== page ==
Charles R. Harris 1 , K. Jarrod Millman , 2 , 3 , 4 , Stéfan J. van der Walt , 2 , 4 , 5 , Ralf Gommers , 6 , Pauli Virtanen 7 , 8 , David Cournapeau 9 , Eric Wieser 10 , Julian Taylor 11 , Sebastian Berg 4 , Nathaniel J. Smith 12 , Robert Kern 13 , Matti Picus 4 , Stephan Hoyer 14 , Marten H. van Kerkwijk 15 , Matthew Brett 2 , 16 , Allan Haldane 17 , Jaime Fernández del Río 18 , Mark Wiebe 19 , 20 , Pearu Peterson 6 , 21 , 22 , Pierre Gérard-Marchant 23 , 24 , Kevin Sheppard 25 , Tyler Reddy 26 , Warren Weckesser 4 , Hameer Abbasi 6 , Christoph Gohlke 27 , Travis E. Oliphant 6
16 September 2020
Array programming provides a powerful, compact and expressive syntax for accessing, manipulating and operating on data in vectors, matrices and higher-dimensional arrays. NumPy is the primary array programming library for the Python language. It has an essential role in research analysis pipelines in fields as diverse as physics, chemistry, astronomy, geoscience, biology, psychology, materials science, engineering, finance and economics. For example, in astronomy, NumPy was an important part of the software stack used in the discovery of gravitational waves 1 and in the first imaging of a black hole 2 . Here we review how a few fundamental array concepts lead to a simple and powerful programming paradigm for organizing, exploring and analysing scientific data. NumPy is the foundation upon which the scientific Python ecosystem is constructed. It is so pervasive that several projects, targeting audiences with specialized needs, have developed their own NumPy-like interfaces and array objects. Owing to its central position in the ecosystem, NumPy increasingly acts as an interoperability layer between such array computation libraries and, together with its application programming interface (API), provides a flexible framework to support the next decade of scientific and industrial analysis.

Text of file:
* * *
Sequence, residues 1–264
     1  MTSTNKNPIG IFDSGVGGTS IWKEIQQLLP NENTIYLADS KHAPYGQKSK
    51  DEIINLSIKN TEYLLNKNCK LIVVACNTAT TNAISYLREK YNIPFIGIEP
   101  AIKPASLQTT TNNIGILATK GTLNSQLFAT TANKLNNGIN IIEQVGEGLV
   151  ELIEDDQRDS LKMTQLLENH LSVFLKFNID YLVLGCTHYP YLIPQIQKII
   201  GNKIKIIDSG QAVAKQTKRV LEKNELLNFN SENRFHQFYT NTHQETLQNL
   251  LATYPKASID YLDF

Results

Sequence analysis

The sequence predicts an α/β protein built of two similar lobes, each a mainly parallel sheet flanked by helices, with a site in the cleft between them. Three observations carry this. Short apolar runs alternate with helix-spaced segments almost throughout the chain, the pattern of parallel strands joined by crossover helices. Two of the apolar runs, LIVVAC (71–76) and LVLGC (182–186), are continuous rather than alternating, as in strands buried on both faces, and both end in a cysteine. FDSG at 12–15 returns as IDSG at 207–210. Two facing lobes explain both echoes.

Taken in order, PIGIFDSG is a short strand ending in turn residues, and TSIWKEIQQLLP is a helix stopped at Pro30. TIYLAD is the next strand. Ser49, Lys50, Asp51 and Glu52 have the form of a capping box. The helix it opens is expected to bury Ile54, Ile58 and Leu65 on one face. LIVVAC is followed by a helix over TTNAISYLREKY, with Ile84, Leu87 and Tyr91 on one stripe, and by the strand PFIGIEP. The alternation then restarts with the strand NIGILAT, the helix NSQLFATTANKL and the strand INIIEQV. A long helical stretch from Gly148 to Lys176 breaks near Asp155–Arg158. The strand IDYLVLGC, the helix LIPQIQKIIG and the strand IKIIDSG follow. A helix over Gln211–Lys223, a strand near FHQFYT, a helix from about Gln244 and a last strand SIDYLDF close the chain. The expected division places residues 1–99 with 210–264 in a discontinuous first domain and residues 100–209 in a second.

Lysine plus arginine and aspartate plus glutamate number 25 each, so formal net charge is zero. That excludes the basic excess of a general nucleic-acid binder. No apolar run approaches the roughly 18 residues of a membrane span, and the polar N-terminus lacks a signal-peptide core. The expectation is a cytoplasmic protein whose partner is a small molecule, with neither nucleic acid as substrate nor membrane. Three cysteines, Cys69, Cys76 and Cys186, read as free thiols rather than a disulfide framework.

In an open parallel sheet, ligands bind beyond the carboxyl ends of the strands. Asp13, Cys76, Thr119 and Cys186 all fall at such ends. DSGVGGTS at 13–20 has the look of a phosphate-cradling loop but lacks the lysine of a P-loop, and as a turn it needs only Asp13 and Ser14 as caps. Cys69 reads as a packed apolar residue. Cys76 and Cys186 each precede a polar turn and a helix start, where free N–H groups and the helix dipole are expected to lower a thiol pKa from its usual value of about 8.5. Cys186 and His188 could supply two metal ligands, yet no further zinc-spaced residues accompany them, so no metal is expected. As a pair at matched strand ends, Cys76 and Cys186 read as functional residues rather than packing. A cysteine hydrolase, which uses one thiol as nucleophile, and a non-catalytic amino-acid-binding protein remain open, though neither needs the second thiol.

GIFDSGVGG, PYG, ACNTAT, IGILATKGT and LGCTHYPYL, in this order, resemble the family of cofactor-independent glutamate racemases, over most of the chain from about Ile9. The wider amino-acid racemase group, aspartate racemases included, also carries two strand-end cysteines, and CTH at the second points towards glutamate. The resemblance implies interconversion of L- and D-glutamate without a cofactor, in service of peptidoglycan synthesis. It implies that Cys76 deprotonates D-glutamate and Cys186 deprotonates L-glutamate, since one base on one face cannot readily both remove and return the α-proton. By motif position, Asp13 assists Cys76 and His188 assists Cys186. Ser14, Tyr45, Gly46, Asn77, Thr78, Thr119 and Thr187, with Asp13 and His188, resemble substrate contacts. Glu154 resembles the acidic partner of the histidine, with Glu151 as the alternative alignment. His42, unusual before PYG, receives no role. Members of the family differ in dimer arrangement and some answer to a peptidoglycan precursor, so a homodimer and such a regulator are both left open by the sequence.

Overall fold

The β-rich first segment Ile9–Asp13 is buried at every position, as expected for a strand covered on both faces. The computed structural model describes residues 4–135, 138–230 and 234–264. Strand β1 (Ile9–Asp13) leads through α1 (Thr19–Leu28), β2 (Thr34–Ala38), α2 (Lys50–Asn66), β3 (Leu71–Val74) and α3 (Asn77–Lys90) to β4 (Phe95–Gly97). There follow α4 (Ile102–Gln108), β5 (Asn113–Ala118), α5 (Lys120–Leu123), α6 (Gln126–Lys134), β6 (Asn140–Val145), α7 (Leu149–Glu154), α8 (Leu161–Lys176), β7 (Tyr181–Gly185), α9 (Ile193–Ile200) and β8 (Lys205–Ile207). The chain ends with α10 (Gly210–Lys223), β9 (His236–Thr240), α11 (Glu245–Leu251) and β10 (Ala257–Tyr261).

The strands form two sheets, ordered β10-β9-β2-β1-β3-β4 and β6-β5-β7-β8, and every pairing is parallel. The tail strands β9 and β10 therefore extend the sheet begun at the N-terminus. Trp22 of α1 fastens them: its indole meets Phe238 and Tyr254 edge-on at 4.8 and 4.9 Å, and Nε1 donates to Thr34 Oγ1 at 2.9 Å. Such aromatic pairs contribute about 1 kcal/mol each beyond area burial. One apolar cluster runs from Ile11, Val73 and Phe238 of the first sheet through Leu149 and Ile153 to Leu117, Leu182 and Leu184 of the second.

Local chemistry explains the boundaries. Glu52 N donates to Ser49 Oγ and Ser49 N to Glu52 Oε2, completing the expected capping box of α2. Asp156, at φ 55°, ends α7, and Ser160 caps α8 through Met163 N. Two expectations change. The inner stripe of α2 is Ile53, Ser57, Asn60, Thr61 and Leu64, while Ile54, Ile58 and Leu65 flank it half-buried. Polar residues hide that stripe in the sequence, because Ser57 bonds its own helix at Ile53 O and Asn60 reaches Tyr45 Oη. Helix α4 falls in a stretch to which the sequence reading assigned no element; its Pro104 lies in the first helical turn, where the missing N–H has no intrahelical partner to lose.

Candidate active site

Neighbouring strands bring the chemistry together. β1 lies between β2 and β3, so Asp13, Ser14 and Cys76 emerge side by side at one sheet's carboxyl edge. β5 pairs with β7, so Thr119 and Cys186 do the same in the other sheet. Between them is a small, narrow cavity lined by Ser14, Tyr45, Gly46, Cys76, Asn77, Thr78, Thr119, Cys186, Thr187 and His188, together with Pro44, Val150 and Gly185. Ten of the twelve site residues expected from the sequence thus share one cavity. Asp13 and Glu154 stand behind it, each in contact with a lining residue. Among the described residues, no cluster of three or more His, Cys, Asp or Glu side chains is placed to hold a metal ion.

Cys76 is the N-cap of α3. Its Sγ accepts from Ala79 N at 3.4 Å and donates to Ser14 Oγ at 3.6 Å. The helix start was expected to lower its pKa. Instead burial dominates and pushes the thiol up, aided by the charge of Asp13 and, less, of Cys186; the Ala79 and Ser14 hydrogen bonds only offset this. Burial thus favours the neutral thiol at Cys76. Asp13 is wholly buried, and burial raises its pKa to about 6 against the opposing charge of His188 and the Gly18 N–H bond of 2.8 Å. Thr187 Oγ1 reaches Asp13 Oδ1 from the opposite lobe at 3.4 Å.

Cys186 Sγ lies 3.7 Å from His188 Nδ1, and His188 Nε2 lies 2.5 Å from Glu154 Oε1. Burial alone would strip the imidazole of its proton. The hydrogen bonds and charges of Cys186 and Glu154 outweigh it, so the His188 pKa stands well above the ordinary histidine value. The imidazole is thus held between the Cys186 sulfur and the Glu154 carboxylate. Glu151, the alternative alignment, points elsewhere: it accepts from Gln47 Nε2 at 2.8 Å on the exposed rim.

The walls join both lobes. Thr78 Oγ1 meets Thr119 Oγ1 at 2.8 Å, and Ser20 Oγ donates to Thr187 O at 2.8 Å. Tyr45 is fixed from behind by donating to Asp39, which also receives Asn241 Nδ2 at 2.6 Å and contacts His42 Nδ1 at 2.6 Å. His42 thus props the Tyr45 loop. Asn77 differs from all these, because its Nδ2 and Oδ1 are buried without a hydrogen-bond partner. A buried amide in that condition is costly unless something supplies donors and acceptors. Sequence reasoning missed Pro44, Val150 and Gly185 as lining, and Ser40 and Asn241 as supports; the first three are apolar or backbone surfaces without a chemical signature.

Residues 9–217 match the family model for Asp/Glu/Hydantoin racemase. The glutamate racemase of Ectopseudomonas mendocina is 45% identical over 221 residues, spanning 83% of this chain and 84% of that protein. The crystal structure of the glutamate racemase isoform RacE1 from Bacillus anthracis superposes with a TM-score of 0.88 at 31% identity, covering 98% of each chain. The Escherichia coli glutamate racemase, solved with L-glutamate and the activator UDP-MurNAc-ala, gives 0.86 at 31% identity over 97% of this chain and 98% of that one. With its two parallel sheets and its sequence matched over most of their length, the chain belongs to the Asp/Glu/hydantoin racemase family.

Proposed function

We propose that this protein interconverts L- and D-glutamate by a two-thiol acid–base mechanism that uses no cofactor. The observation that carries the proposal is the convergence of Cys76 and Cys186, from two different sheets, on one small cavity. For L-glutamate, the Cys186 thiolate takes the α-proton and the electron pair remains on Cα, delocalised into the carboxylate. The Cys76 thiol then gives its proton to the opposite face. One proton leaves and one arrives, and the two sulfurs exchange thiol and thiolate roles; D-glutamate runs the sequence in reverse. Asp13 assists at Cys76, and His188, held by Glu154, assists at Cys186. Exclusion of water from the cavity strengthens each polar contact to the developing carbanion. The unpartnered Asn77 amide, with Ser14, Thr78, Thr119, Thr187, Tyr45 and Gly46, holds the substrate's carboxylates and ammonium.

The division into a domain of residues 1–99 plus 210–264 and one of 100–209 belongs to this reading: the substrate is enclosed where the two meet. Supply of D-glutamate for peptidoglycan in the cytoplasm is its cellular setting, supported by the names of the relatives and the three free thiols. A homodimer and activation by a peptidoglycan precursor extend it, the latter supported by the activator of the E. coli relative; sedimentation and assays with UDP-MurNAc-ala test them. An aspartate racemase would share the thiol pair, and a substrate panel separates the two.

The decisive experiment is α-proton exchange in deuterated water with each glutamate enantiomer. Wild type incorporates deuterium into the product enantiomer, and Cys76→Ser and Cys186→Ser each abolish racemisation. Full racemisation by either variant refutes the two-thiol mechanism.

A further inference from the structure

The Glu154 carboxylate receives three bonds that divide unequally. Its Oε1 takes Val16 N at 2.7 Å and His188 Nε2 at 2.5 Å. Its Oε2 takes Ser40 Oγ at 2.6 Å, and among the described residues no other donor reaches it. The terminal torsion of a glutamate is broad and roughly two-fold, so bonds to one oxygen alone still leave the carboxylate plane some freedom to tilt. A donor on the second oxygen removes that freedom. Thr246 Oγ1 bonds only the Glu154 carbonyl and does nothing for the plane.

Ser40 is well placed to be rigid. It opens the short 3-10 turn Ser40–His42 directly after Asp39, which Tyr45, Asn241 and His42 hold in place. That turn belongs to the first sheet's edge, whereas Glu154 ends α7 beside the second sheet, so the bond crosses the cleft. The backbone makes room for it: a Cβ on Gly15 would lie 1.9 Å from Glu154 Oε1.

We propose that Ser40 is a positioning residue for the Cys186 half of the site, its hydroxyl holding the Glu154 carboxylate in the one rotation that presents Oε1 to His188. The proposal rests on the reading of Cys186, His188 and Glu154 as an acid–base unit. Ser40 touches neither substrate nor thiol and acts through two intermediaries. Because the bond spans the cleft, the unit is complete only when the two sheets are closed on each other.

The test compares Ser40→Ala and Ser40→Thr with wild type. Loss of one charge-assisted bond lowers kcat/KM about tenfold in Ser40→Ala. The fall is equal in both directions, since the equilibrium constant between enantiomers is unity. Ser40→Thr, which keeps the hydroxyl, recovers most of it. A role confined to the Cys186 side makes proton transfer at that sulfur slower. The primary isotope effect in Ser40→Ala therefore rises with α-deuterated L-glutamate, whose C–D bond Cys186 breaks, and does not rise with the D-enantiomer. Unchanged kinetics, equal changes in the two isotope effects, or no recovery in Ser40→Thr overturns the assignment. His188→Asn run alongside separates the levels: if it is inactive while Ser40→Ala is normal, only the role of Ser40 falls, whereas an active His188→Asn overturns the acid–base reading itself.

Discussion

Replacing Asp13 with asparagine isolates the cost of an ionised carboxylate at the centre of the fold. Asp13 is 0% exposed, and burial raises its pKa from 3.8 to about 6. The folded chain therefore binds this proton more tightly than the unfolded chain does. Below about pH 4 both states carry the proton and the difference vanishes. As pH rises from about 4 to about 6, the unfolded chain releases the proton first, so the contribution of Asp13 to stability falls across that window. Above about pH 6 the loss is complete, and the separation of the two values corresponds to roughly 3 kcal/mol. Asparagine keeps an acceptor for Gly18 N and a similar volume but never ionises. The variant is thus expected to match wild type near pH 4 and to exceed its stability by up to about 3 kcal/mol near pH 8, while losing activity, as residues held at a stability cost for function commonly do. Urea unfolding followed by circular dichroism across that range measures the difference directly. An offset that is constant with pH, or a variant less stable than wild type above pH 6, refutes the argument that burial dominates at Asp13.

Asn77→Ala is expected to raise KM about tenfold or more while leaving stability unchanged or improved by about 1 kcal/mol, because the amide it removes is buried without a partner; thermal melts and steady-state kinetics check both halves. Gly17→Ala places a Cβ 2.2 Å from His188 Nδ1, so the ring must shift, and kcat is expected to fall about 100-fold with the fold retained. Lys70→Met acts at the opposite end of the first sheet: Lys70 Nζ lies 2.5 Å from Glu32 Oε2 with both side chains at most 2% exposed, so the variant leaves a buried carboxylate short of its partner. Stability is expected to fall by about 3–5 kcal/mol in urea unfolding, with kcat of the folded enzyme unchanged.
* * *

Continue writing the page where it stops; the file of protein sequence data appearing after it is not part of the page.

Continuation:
NumPy is the primary array programming library for Python; here its fundamental concepts are reviewed and its evolution into a flexible interoperability layer between increasingly specialized computational libraries is discussed.